Texas doctor Natasha Kathuria has practiced medicine in 11 countries, worked through the 2014 “Snowmageddon” storm that ground Atlanta to a halt, and survived the past year’s COVID-19 pandemic crush.
But Kathuria and some other doctors in Texas are saying they have never seen a more harrowing week than this one.
Record-setting cold weather has cut water and grid energy supplies to hospitals across a wide swath of Texas. Electricity and water services were resuming, but many homes and some hospitals still did not have either on Friday. Half the state’s population was under a “must-boil” order to ensure water is safe.
“We’re overwhelmed, way more than we’ve been with COVID,” said Kathuria, who works in several Austin-area emergency rooms. “This system failure has completely rocked us in our ERs – and in our own homes.”
Many hospital staffers have stayed in the medical facilities all week – knowing there was no heat or water at home. At least hospitals have generators for basic electricity. Some had water hauled in to fill tanks or hired water tankers. Others had running but not potable water.
Doctors in Austin, Houston and the Dallas area called the lack of water their biggest problem. Dialysis machines do not work without water, surgery equipment cannot be sterilized, and hands cannot be washed.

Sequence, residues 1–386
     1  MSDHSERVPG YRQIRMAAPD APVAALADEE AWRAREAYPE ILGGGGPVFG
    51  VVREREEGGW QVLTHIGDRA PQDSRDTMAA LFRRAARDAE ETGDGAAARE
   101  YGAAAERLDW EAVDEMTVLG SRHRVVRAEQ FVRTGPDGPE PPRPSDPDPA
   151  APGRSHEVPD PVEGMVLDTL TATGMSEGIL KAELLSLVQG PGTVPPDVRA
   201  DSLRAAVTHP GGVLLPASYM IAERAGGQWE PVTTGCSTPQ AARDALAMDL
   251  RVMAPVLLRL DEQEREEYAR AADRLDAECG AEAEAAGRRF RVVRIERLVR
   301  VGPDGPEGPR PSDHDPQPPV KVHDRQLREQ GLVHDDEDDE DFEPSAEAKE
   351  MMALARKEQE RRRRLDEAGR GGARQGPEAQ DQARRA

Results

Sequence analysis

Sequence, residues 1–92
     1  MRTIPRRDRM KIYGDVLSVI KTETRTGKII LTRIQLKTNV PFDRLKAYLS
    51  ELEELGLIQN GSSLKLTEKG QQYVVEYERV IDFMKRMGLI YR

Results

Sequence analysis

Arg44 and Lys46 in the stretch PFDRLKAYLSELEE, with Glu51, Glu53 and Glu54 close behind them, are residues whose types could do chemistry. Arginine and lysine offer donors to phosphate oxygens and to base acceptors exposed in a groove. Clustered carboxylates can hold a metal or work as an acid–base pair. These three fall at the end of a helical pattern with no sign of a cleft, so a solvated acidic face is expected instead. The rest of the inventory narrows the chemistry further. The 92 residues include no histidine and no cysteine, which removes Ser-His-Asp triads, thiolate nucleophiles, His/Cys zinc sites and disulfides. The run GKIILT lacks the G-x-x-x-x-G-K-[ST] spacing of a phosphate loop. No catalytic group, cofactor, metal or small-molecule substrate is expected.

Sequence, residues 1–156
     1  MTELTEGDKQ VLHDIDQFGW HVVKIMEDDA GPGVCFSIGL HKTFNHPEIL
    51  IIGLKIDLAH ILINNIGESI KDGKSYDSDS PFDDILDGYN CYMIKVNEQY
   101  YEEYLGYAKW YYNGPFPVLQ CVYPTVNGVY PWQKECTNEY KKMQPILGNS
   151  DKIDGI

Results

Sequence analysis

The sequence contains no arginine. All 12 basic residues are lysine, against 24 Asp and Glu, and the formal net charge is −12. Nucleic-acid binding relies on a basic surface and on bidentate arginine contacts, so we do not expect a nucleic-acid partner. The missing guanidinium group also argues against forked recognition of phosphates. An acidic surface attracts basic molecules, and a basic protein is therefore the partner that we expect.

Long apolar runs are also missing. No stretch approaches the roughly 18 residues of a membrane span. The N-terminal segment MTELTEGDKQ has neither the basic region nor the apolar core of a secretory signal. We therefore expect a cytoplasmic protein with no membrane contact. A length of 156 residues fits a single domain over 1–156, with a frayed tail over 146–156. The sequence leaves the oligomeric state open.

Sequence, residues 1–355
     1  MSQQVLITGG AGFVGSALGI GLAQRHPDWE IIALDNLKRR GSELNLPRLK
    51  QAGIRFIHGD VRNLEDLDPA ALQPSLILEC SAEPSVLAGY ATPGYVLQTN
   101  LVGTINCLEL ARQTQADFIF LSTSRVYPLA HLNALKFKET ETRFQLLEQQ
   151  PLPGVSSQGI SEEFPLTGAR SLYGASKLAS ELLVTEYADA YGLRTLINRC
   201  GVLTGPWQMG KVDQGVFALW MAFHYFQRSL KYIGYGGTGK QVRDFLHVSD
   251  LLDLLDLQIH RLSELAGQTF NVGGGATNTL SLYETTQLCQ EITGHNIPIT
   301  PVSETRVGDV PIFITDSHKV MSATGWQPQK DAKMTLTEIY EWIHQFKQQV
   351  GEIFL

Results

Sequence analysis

Dr. Neil Gandhi, an emergency room physician and the regional medical director for the ER departments at Houston Methodist’s seven hospitals in the area, said those facilities were at 90% operating capacity by Friday afternoon. Earlier in the week, two were able to take only emergency patients, Gandhi added.
“On top of the COVID pandemic, this has been a dual trauma event for both our patients and our providers,” Gandhi said.
Ambulances struggled to reach people on roads that were not cleared because Texas cities have few snow plows and not nearly enough salt on hand. Doctors in stand-alone emergency care locations who routinely call the 911 emergency number for ambulances to transfer patients to hospitals had to wait more than nine hours for any to arrive – if they were available at all.
Gandhi said that in Houston this week there were times when entire neighborhoods simply did not have any emergency medical services.
Hospitals set up portable toilets. Inside, patient’s toilets were flushed by tossing in a bucket of water. Less critical dialysis patients delayed treatment, while others limited their time on machines.
Rural hospitals across Texas were not only trying to treat patients under tough conditions, but also serving as de facto “warming centers” for the healthy, said John Henderson, president of the Texas Organization of Rural and Community Hospitals.
Even with warmer weather forecast for next week there could still be a sea of broken water pipes and other damage.
“We worried that when the sun comes out and the temperature goes up,” Kathuria said, “that it’s not necessarily the end in sight.”